Train the dog, train the owner
Manners, manners, manners...
Dog owners often apologise to me for not having the perfectly trained pooch. They are even more surprised when I tell them my dog is not perfect either! It’s my belief that not all dogs have to be trained to top obedience level. A few manners, however, do make life considerably easier.
It can often be easy to train the dog but more difficult to train the owner! Almost every dog and owner, however, can benefit from a little training. From an animal behaviourist’s perspective, training can help:
Many owners are now aware of the benefits of taking their puppy to pre-school. Not only is there a valuable opportunity for puppy socialisation but owners also learn a few tips about caring for their new family member, including some simple training tips.
A few owners will go on to train their dogs throughout their canine lives. Many dog owners, however, fear that all canine training schools involve a 3 hour weekly obedience marathon of perfect sits, stays and recalls. They become frustrated with their less than perfectly obedient dog and embarrassed that they themselves cannot perform perfectly in this environment.
Instead training your dog should be fun – for both of you. I like to tell people that just 2 minutes of training a day can make all the difference to their relationship with their pet. You can even do this from the comfort of your armchair! It is good, however, to extend your training from within your home, to your yard, to walking outdoors, where there are many more distractions.
When training is set as a simple, no-fail opportunity then owners are more likely, not only to succeed in fulfilling the task, but to enjoy the joint activity with their dog. They are more likely to see the advantages of training and even to pursue it further.
When owners enjoy training or where there are specific issues in behaviour that need to be worked on, training classes can be beneficial.
Many owners find training where the emphasis is on fun preferable to those that are focused on more formal obedience work. Playing games and insisting on good manners are easy ways to train your dog to obey you. A dog that sits before you attach his lead is a joy as is a dog who lets you lead the walk.
If you simply want a dog with manners and one who will listen to you when you need it to, then try attending a Canine Good Citizen class. These operate nationally and are run by dog trainers that have undergone extensive training themselves, all of positive and motivational.
Some owners enjoy participating in canine sports such as flyball, agility, frisbee or dancing. These sports are terrific exercise and stimulation for dogs that are healthy and sociable.
Training for the Problem Dog
Some of the problems that are commonly relieved by incorporating training into your relationship with your dog include:
Where there is a behavioural problem, training can be invaluable on the road to recovery. For best results, get the help of an expert who can help you design the best form of training program for you and your dog.
Case Study: Banjo
Banjo was an over-the-top Boxer, 15 months of age, acting just like a puppy. His owner was frustrated with him because he did not listen to her, would not leave the room when she requested and jumped all over her children and visitors.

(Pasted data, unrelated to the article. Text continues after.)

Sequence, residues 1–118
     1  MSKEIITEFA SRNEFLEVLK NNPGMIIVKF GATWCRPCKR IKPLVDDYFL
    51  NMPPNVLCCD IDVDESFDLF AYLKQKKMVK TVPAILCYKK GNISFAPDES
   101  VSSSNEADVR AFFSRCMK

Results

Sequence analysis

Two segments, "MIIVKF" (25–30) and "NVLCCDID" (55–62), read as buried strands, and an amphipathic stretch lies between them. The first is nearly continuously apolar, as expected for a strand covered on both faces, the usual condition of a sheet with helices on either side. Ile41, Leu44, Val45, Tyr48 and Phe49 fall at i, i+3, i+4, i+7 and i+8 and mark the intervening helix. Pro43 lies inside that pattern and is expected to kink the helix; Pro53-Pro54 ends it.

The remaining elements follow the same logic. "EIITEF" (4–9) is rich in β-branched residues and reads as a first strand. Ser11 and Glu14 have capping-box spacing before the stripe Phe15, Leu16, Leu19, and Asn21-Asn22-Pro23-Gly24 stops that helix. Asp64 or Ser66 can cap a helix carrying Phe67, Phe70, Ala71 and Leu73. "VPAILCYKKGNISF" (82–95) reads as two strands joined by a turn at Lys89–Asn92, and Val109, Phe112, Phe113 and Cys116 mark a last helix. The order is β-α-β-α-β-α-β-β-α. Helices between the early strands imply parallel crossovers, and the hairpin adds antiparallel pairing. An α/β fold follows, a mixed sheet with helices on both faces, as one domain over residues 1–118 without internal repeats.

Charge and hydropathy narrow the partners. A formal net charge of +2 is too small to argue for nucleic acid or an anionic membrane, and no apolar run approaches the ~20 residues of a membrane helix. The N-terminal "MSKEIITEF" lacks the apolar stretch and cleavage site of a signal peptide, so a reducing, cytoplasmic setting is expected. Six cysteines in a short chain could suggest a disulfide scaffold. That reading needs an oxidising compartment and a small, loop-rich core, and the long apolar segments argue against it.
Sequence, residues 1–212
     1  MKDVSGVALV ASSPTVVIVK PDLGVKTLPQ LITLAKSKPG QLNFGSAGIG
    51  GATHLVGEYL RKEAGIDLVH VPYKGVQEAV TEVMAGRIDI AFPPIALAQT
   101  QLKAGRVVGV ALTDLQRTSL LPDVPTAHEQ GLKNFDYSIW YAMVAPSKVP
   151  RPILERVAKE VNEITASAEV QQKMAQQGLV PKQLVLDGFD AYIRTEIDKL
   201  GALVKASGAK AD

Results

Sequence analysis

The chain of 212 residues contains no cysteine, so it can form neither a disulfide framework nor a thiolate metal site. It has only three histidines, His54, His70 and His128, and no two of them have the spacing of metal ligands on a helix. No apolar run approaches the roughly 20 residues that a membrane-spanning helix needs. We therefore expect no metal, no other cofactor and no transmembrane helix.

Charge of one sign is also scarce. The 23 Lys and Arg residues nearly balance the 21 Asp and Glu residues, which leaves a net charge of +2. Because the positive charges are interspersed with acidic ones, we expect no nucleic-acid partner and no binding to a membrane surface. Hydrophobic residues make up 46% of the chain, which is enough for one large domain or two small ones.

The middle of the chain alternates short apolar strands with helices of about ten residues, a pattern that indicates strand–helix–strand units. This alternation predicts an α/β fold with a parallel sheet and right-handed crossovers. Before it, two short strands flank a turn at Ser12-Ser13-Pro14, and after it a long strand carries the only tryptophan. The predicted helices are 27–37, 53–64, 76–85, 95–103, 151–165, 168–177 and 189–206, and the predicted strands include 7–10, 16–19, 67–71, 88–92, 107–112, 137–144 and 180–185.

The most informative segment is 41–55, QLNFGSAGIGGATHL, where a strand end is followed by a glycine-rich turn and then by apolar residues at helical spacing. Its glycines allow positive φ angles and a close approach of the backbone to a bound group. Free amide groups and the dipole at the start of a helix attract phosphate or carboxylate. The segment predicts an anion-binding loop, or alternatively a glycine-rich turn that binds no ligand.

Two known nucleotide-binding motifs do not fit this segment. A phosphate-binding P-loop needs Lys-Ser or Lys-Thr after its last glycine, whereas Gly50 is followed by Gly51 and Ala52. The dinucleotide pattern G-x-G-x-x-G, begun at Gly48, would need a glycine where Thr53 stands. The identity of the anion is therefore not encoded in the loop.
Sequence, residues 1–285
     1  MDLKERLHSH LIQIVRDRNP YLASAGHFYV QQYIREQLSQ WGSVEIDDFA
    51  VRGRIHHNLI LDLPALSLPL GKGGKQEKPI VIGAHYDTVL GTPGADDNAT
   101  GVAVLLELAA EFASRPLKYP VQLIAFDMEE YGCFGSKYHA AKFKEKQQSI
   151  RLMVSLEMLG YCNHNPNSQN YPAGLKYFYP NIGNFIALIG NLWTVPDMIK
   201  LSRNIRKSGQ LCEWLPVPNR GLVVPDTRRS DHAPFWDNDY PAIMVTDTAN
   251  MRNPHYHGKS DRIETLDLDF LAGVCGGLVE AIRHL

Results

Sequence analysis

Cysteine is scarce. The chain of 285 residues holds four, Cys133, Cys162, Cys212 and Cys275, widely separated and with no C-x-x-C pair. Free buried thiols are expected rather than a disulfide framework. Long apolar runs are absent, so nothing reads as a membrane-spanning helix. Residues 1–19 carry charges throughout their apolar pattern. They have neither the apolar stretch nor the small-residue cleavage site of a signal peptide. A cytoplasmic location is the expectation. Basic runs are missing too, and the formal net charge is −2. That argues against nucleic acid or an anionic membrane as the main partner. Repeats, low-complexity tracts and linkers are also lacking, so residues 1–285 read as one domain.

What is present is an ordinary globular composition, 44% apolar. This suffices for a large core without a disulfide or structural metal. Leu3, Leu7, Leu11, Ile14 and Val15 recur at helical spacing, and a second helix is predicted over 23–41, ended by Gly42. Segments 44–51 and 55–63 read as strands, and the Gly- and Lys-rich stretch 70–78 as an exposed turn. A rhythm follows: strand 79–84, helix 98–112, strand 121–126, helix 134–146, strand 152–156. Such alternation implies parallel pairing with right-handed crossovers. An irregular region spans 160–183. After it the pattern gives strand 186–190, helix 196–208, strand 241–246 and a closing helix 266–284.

We set an increasingly difficult training program for Banjo and her owner to try. This included:
(a) Ask Banjo to come and to sit. Reward him when he did by giving him a treat.
(b) Same but wait for longer before giving him the treat.
(c) Wait for Banjo to perform a sit without being asked.
(d) Ask Banjo to perform other activities eg. down and reward him.
(e) Ask other people to do the same with rewards.
(f) Train Banjo in different location eg backyard, in street, in park.
(g) Only reward him with treats on some occasions. Others just say “good boy”.
Banjo’s owner saw improvements in his behaviour almost immediately. He started to want to obey commands and stopped jumping up, when reminded that he would only get his reward for sitting quietly.
Of course, the owners also ensured that Banjo had enough exercise and stimulation at home to keep him happy.
Case study: Brandy
Brandy was a 3 year old Border Collie living in the suburbs. Brandy had never received training and her owner wanted to get her involved in flyball but Brandy had a dislike of other dogs.
Together we designed a behavioural treatment program where Brandy and her owner did some simple training exercises together. After practising at home, Brandy’s owner asked Brandy to sit for a treat every time another dog was passing and Brandy soon learned that another dog’s presence brought rewards.
Soon Brandy was able to join in the flyball activities and her attention is focused on the game and her owner, not the other dogs.
Case study: Bella
Bella was a dog who liked to bark – a lot! She barked at everyone who passed by her fence and at her neighbours coming and going from their property.
Her family started to ask Bella to sit for treats. At first they did this away from the distractions of the neighbourhood and when this was mastered, they tried it when the neighbours were present. They also introduced Bella to the neighbours so that she accepted them and their activities on future occasions.
The family then working on rewarding Bella for quiet behaviour when other people and their dogs pass by. Now Bella, when she sees another dog outside her yard, runs to her family to receive a treat. She has learnt it pays to be quiet.